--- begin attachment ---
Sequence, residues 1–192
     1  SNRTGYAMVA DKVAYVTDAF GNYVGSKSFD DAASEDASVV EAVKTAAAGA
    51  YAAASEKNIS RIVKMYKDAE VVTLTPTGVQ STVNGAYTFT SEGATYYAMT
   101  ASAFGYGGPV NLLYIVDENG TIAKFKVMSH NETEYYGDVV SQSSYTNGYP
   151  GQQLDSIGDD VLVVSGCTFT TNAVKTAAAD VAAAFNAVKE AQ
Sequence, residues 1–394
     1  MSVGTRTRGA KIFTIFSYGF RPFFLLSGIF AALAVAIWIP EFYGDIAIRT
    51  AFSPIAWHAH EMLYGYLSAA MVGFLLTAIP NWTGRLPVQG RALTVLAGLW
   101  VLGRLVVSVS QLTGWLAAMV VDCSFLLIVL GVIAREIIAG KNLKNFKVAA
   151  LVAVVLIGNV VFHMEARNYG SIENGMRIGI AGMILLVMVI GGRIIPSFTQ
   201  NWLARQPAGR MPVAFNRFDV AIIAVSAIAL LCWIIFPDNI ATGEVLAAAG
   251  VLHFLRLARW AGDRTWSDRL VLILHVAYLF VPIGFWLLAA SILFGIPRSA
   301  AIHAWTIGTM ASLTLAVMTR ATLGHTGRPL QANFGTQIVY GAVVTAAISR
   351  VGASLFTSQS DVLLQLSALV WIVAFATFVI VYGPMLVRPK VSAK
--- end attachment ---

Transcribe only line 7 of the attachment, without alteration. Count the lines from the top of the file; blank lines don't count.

     1  MSVGTRTRGA KIFTIFSYGF RPFFLLSGIF AALAVAIWIP EFYGDIAIRT